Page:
What were the social consequences of the Second Indochina War?

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The Second Indochina War impacted Vietnamese people socially in a number of ways.  Some of the more important include:

The North was deeply affected by the war as people in the North were called on to make tremendous sacrifices.  Northerners were asked to accept severe reductions in their standard of living as resources were dedicated to the war.  This was exacerbated by the impact of the bombing on the North.

In the rural South, it was very difficult for farmers to live the way they had.  The war went back and forth across their land.  The Vietcong demanded tribute.  The South did things like rounding farmers up into the “strategic hamlets.”  All of this changed life for Southern farmers.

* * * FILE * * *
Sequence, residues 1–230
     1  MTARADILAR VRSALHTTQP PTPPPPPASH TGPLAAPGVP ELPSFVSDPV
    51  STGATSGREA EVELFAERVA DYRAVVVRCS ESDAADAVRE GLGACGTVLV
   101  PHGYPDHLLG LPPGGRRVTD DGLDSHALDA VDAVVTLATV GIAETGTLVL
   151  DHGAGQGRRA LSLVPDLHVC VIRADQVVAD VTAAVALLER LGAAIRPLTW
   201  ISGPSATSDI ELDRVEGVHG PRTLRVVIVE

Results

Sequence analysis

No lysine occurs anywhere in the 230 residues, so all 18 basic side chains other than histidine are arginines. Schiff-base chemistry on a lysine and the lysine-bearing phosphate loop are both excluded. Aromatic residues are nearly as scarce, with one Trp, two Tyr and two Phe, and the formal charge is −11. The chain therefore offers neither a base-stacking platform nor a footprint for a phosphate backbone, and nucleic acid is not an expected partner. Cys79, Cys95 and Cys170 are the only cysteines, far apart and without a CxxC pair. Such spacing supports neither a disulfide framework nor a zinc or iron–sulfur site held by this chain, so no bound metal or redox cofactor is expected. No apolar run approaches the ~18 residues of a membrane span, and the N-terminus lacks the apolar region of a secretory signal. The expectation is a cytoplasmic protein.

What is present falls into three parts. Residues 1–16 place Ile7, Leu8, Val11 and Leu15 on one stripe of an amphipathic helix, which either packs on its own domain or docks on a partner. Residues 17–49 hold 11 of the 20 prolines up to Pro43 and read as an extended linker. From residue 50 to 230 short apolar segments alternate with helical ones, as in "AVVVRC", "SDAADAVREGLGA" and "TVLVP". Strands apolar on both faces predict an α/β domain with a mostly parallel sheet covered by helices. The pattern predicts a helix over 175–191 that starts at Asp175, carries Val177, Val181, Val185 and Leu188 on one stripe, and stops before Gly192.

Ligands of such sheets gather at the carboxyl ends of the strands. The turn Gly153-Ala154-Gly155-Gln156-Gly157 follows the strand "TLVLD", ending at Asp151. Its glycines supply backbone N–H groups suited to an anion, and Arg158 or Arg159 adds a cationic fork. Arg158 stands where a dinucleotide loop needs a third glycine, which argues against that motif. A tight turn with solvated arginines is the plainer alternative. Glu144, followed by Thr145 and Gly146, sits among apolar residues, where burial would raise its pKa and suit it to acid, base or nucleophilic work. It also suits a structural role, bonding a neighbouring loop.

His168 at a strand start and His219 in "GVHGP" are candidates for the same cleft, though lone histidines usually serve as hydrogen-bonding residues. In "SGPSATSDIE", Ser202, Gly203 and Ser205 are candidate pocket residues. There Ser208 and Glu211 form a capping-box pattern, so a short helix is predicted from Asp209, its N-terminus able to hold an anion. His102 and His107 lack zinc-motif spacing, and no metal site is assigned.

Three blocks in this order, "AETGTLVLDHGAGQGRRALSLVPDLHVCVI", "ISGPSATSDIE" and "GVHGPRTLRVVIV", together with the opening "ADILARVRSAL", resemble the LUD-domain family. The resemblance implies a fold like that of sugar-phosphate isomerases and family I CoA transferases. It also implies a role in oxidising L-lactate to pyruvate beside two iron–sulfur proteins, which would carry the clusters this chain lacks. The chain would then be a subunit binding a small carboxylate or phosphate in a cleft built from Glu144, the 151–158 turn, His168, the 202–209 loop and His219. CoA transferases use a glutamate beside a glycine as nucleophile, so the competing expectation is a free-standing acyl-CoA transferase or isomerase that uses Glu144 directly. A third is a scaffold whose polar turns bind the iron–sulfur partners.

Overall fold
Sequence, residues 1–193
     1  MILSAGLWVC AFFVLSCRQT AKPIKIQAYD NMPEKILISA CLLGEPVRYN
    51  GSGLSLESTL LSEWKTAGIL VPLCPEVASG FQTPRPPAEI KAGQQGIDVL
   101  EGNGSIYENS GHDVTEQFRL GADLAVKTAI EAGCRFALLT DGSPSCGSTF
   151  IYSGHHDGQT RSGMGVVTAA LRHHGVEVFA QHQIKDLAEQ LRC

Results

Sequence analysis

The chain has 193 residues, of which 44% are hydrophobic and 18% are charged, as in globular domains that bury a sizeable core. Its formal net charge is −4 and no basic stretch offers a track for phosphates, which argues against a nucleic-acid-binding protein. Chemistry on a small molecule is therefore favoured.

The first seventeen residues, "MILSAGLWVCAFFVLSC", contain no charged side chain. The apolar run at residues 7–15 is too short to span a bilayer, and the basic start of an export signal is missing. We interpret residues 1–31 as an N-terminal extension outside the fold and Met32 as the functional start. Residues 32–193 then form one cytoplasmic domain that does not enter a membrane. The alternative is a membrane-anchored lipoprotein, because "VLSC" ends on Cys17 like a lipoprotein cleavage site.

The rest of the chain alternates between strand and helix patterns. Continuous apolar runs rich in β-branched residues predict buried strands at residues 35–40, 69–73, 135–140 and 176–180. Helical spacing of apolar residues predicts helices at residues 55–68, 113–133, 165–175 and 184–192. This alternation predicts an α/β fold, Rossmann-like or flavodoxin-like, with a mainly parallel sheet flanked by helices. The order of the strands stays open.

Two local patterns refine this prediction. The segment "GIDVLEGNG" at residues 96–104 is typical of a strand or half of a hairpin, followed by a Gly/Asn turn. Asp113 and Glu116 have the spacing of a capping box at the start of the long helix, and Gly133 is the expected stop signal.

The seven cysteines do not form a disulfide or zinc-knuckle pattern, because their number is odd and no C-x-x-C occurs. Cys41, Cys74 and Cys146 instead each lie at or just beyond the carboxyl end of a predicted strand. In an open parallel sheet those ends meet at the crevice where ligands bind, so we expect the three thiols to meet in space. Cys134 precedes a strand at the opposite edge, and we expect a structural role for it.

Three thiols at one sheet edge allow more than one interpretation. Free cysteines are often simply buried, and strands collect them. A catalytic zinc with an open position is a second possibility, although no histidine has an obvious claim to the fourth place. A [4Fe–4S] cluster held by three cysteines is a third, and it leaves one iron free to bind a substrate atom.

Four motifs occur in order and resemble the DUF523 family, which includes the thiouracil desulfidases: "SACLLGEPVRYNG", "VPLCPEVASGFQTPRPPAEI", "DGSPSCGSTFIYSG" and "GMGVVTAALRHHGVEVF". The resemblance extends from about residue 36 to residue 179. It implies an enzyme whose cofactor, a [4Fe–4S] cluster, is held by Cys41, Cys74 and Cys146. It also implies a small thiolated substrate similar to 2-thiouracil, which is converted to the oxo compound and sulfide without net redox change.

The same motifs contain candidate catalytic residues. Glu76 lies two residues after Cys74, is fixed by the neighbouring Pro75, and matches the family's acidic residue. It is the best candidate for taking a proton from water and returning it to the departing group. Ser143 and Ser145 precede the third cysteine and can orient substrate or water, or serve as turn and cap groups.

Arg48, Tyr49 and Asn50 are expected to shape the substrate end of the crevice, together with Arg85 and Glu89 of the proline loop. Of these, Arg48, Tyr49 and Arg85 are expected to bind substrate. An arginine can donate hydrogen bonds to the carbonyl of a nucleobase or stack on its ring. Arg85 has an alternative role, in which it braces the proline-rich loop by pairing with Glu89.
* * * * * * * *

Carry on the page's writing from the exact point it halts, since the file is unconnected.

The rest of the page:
In the capital of Saigon (and in other places to a lesser extent), the presence of the Americans changed society.  The Americans came with huge amounts of material wealth.  This led to the creation of a black market for American goods.  The black market enriched a new set of Vietnamese who were able to make contacts among the Americans.  It also brought more in the way of prostitution and drug dealing to the Vietnamese economy and society.

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